Review: Disappearing Act

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By Tonya Kowalski from Washburn University School of Law

Beverly I. Moran, Disappearing Act: The Lack of Values Training in Legal Education – A Case for Cultural Competency, __ Southern University Law Review __ (2011) [Read fulltext at SSRN]

Professor Beverly Moran of Vanderbilt Law School has written widely on the many intersections between tax, race, and social justice. As many law schools across the nation engage in post-MacCrate curricular reform, her call to train students in cultural competency skills strikes a timely chord. Professor Moran reinforces the mandate in MacCrate and Educating Lawyers to inculcate values such as social justice, pro bono, law reform, and effective client communication. She then explains why cultural competence training plays a key role in achieving those ends. She also observes that the most recent educational initiative, the Legal Education Analysis and Reform Network (LEARN), fails-at least so far-to sufficiently consider those core skills in its models. Carefully probing the possible reasons for these omissions, Professor Moran offers persuasive reasons for maintaining a commitment to those values, as well as several very concrete ideas for incorporating culturally literate values and training into that project.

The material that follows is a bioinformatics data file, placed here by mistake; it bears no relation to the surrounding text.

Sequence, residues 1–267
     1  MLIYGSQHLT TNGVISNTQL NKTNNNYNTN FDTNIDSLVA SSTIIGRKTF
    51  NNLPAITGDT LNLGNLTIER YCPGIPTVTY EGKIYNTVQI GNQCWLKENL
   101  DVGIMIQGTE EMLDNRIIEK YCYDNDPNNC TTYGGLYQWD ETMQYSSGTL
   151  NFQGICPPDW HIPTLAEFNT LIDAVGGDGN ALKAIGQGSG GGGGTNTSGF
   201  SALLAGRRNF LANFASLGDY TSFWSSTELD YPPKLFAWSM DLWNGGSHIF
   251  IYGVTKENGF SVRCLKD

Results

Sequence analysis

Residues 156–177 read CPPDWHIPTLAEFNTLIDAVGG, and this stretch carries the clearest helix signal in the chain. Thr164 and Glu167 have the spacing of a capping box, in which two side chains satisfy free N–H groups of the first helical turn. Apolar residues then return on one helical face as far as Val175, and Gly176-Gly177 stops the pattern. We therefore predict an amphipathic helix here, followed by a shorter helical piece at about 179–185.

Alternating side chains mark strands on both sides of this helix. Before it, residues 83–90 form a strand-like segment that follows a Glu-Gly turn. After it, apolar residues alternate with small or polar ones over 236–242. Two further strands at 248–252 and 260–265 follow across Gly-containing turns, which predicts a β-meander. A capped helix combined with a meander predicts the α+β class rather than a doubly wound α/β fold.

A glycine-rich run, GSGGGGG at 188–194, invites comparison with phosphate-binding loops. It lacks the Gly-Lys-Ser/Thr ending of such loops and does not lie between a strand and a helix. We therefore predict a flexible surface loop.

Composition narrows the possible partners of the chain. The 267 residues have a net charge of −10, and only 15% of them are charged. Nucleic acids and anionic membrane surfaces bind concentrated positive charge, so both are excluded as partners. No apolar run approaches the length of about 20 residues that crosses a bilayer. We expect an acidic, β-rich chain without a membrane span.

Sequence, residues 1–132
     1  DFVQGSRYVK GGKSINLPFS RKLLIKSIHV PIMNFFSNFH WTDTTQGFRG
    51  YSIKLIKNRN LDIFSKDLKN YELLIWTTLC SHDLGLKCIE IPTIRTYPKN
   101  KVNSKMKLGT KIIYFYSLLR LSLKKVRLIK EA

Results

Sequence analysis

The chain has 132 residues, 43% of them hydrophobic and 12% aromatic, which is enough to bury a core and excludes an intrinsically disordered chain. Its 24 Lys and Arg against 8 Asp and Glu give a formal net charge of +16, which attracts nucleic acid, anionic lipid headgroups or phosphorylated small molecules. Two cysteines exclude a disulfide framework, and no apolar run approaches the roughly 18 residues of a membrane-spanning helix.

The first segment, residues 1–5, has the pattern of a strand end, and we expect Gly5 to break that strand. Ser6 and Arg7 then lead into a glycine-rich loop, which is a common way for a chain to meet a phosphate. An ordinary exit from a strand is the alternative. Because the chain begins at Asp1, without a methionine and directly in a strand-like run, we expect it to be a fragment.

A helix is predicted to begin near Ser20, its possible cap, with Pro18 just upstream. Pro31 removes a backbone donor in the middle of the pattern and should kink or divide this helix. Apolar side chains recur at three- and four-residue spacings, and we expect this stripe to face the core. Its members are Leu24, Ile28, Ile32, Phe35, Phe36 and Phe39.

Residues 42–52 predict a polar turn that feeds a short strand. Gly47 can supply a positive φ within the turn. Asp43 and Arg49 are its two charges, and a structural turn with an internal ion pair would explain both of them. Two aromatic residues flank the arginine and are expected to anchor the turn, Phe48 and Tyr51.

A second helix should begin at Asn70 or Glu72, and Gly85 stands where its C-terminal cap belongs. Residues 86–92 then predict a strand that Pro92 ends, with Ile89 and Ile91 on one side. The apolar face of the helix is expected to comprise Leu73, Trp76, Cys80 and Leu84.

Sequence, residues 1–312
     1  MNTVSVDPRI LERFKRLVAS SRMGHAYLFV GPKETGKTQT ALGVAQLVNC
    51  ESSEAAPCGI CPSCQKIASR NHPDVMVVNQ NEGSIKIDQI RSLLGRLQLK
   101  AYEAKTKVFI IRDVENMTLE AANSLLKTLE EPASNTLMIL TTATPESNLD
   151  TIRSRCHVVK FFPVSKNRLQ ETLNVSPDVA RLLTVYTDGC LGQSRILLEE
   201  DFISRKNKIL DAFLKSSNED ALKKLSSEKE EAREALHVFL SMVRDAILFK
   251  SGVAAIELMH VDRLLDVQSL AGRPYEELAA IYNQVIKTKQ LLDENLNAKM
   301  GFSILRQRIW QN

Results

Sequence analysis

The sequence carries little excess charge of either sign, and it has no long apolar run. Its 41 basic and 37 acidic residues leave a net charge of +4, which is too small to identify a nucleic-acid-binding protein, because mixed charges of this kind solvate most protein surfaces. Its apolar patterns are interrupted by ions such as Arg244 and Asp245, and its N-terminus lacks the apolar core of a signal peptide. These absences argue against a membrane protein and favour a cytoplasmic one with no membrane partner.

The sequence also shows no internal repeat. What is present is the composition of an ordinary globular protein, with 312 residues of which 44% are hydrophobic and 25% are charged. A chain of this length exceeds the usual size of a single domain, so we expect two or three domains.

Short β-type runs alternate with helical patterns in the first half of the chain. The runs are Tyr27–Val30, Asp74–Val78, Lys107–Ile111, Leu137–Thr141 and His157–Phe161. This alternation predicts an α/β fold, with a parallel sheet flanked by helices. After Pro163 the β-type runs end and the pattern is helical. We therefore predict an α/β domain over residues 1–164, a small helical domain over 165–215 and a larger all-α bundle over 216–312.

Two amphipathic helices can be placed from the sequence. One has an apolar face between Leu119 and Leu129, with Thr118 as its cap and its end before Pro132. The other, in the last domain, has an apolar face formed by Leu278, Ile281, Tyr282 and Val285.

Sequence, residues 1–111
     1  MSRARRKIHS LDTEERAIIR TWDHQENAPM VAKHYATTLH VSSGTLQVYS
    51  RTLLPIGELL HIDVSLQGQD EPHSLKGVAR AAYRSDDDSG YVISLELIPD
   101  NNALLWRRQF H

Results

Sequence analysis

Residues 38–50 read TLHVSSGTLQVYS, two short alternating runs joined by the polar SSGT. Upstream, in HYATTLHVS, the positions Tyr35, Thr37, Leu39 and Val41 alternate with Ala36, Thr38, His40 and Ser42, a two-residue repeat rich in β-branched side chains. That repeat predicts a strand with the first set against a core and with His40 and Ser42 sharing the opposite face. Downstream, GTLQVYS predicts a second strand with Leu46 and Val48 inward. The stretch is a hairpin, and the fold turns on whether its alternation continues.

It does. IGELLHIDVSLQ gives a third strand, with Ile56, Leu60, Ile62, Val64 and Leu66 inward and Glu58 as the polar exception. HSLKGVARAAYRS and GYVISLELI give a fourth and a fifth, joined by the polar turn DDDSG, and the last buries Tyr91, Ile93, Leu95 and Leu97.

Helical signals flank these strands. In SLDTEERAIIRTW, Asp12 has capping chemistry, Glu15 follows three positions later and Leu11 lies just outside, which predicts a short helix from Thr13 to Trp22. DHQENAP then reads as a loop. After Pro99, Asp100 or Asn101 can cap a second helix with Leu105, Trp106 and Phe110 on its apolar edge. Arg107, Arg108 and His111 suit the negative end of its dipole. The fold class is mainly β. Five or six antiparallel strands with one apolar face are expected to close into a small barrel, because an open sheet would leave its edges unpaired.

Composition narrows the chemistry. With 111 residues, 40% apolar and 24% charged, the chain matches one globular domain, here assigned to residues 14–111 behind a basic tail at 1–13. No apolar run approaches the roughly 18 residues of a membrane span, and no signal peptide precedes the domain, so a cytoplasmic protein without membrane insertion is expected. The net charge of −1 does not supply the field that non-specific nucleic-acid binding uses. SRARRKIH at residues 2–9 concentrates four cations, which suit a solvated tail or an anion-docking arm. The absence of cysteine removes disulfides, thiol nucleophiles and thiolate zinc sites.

Further reading and action:

  • Charles R. Calleros, In the Spirit of Regina Austin’s Contextual Analysis: Exploring Racial Context in Legal Method, Writing Assignments and Scholarship, 34John Marshall Law Review 281 (2000)
  • Nelson P. Miller and Tracey Brame, Equality as Talisman: Getting Beyond Bias to Cultural Competence as a Professional Skill, 25Thomas M. Cooley Law Review99 (2008)
  • Margaret Montoya and Christine Zuni Cruz, Narrative Braids: Performing Racial Literacy, 33American Indian Law Review 153 (2009)
  • Aliza Organick, Tribal Law and Best Practices in Legal Education: Creating a New Path for the Study of Tribal Law, 19Kansas Journal of Law & Public Policy 63 (2009).
  • Antoinette Sedillo López, Making and Breaking Habits: Teaching (and Learning) Cultural Context, Self-Awareness, and Intercultural Communication Through Case Supervision in a Client-Service Legal Clinic, 28Washington University Journal of Law & Policy 37 (2008)
  • Legal Writing Institute Diversity Initiatives Committee,http://www.lwionline.org/committees_and_reports.html
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